Rent Stabilization & Just Cause Eviction
Rental prices have steadily increased over the past 15 years and have now reached unsustainable levels. In the wake of the fires, these already high rents increased another 36% according to a study by Zillow.com. Renters in Sonoma live in constant fear that sudden rental increases or causeless evictions will drive them out of their homes and out of our communities. Sonoma must do better and provide rental stabilization for our workers. Sonoma City Council must take a stand for our community members and pass a rent control ordinance in Sonoma.
Minimum Wage Increase
As the cost of rent has risen in Sonoma, so too has the living wage in town. If elected, I would support Sonoma raising it's minimum wage to $15.00 by 2020, instead of the state mandated 2022.
Growing up in Sonoma, our hills and open spaces have always been a huge source of joy for me. My father taught me my colors by handing me flowers as we hiked into Sonoma’s cemetery and hills. I’ve always felt a deep love and connection with nature, and as a council member, I will aggressively protect Sonoma’s precious hillsides while fighting to improve our commitment to decrease carbon emissions and waste.
Protecting the UGB
One of the hallmarks of Sonoma that makes Sonoma such a unique town, is our open space. While we do have a housing crisis in this town, I believe that we must do all that we can to solve this crisis without sprawling into the surrounding landscape. As a Council Member, I will stand up to defend our hillsides and open spaces by prioritizing infill development and supporting a tight UGB.
I believe that our small, environmentally conscious town of Sonoma must do its part to lead the county when it comes to waste reduction. At Plaza events, single-use plastics in the form of containers, utensils, and cups, are thrown into recycling bins covered in food waste. As a result, these plastics are redirected into landfills, and do not get recycled. Fortunately, there are alternatives - There are many highly biodegradable options for plaza vendors to choose from, and as a council member, I will work to ensure that all Plaza event vendors choose these biodegradable options so that we may have wonderful events without adding non-biodegradable waste to our landfills.
Beyond events, I support efforts within our county to redirect 90% of our county’s waste away from landfills over the next 15 years. This means removing options for vendors like polystyrene (Styrofoam) and single-use plastics, and replacing them with reusable or compostable options. These options already exist on a mass scale and there is no reason why we should not be encouraging our city and its vendors to pursue them.
To increase the bikeability of Sonoma, as a City Council Member, I will work to repave and add a dedicated bike lane to Sonoma bike paths, add striped bike lanes to our Sonoma roads, and add bicycle parking on the Plaza. I spent a lot of time on the Sonoma bike paths as a kid - they connect the town and make up one of the great hallmarks of Sonoma for us locals - and I still use them today. It’s time we made serious upgrades to the bikeability of the town and encourage families to enjoy a day of cycling to the plaza instead of searching for car parking at the car-crowded Sonoma Square.
Community & Transparency
Projects that come before the Sonoma City Council must fit with Sonoma’s town character, meet Sonoma’s city planning codes, and align with the Sonoma City Council’s general plans. Currently, building projects are too often allowed to move up the chain while waiving one or more of our city’s building guidelines, which can lead to these projects causing undue stress on our city. Going forward as Sonoma develops, we must insure that adequate parking and environmental impact studies are completed and don’t get waived, to ensure that any new projects do not cause undue stress on our city.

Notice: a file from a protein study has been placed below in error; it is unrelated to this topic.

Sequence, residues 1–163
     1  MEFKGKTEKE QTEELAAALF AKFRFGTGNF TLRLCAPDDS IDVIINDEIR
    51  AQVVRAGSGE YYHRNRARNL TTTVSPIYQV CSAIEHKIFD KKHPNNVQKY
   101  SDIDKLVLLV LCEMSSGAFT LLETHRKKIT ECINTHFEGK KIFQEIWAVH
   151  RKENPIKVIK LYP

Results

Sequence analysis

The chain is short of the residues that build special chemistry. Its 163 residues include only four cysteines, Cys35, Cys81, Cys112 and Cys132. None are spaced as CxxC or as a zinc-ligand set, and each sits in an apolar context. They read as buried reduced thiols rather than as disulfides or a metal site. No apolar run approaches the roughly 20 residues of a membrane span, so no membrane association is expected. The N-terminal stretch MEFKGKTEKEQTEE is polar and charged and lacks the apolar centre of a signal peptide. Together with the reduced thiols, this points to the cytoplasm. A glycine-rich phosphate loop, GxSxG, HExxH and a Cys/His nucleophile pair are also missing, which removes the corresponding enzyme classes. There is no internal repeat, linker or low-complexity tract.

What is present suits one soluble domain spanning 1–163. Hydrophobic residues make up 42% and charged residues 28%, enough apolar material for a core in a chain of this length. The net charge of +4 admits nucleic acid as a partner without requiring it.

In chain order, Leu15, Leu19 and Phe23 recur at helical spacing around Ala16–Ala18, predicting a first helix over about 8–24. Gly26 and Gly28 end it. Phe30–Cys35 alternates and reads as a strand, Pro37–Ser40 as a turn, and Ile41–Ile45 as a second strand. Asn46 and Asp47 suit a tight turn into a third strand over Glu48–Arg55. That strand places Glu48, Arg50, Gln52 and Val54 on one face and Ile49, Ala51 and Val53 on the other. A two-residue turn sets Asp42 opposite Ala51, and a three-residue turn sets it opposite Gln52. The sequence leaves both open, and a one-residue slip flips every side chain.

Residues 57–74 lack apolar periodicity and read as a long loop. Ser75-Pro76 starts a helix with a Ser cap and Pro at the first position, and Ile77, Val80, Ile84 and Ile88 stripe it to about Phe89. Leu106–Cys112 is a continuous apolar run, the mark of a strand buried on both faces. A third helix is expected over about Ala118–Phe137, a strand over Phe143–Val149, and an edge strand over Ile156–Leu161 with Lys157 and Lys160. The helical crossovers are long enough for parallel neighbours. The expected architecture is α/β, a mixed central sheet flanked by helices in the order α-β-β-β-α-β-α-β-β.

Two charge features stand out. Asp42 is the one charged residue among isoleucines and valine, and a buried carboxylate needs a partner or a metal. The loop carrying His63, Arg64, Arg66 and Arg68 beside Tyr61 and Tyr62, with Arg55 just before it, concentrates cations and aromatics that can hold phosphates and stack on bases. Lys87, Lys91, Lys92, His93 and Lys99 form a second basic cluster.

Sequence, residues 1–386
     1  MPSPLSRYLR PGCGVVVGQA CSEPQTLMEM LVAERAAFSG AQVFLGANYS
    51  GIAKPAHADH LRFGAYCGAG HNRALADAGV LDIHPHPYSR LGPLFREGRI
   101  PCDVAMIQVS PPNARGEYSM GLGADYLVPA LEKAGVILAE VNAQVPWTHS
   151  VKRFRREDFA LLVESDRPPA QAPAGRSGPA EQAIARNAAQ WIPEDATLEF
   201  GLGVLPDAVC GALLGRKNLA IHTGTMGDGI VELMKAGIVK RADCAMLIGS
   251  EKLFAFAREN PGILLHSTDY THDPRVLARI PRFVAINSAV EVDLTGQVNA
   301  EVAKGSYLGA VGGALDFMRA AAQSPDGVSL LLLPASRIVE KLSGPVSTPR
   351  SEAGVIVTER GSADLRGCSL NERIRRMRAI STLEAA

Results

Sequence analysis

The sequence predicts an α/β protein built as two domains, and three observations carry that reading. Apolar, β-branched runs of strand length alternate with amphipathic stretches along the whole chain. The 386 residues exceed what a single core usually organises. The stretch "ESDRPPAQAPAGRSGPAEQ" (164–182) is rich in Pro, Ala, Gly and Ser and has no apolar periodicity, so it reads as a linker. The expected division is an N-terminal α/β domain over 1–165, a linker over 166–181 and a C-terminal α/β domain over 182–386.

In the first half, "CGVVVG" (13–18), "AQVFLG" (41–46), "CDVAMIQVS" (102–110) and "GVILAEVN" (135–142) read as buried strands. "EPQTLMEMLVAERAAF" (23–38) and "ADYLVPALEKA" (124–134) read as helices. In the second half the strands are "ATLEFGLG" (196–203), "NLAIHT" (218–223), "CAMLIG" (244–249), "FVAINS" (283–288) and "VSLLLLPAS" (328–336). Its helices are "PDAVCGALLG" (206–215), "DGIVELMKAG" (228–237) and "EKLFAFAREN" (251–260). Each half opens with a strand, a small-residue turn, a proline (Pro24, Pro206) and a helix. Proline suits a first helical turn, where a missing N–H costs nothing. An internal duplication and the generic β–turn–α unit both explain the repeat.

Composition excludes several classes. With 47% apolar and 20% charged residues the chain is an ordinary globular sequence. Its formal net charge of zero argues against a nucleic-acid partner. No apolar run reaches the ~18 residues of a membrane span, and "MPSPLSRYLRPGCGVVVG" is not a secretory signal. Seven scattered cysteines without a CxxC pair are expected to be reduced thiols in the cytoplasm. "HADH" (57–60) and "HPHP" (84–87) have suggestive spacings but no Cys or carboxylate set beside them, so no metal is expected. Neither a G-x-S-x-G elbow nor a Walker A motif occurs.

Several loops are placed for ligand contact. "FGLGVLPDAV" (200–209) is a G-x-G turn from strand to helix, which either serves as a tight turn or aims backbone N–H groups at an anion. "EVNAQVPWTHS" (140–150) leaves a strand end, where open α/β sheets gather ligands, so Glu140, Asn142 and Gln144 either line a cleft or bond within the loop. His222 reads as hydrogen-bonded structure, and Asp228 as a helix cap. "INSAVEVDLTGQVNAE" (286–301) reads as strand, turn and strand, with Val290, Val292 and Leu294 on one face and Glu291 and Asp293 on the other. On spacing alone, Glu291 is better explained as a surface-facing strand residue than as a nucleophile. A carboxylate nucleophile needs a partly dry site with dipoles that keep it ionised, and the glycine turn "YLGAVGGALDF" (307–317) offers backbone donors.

As someone who grew up in Sonoma, I know that there aren’t a whole lot of things for young people to do. While many young people are satisfied with hiking and biking around town, there are more than a few who feel they have limited options within Sonoma city limits. As a council member, I would work to develop a youth council, consisting of local Sonoma kids, who, on a regular basis, would be responsible for working together and reporting what improvements the city can make for our youth. The voices of young people in Sonoma have been glossed over for a long time, and it’s time to change that – I am ready to hear them, and I believe that together, the Sonoma City Council and the Sonoma Youth Council can make a positive difference.
Transparency and Community Engagement
I’ve heard from a lot of Sonomans that they were “unaware” or caught off guard by projects that directly impacted their neighborhoods or their livelihoods. I’ve heard from others that they didn’t know about projects heading before planning commission or city council that they would have liked to support or to fight against. We want our community to feel aware of what’s going on in Sonoma, so they don’t feel blindsided by new projects when they break ground.
Release of Council Schedule
Currently, the Sonoma City Council and Planning Commission’s agendas are being released at the bare legal minimum of 72 hours before a meeting. This means that citizens of Sonoma only have 3 days to read, review, and process the huge amount of information contained in council packets. This is not enough time for anyone to do adequate research or to feel prepared to comment on items appearing before the City Council. As a Council Member, I will work to extend this timeline to at least 5 days to ensure that members of the public have adequate time to read the material and prepare for the meeting.
Using New Technology
There’s no reason that Sonoma’s Councils and Commissions can’t use their social media presence to give quick overviews of what is to be discussed at each meeting, to livestream City Council meetings, and to provide information and transparency regarding how council members vote on particular issues. With as much time as everyone spends online, using this tech to alert constituents about upcoming meetings that will affect their city just makes sense.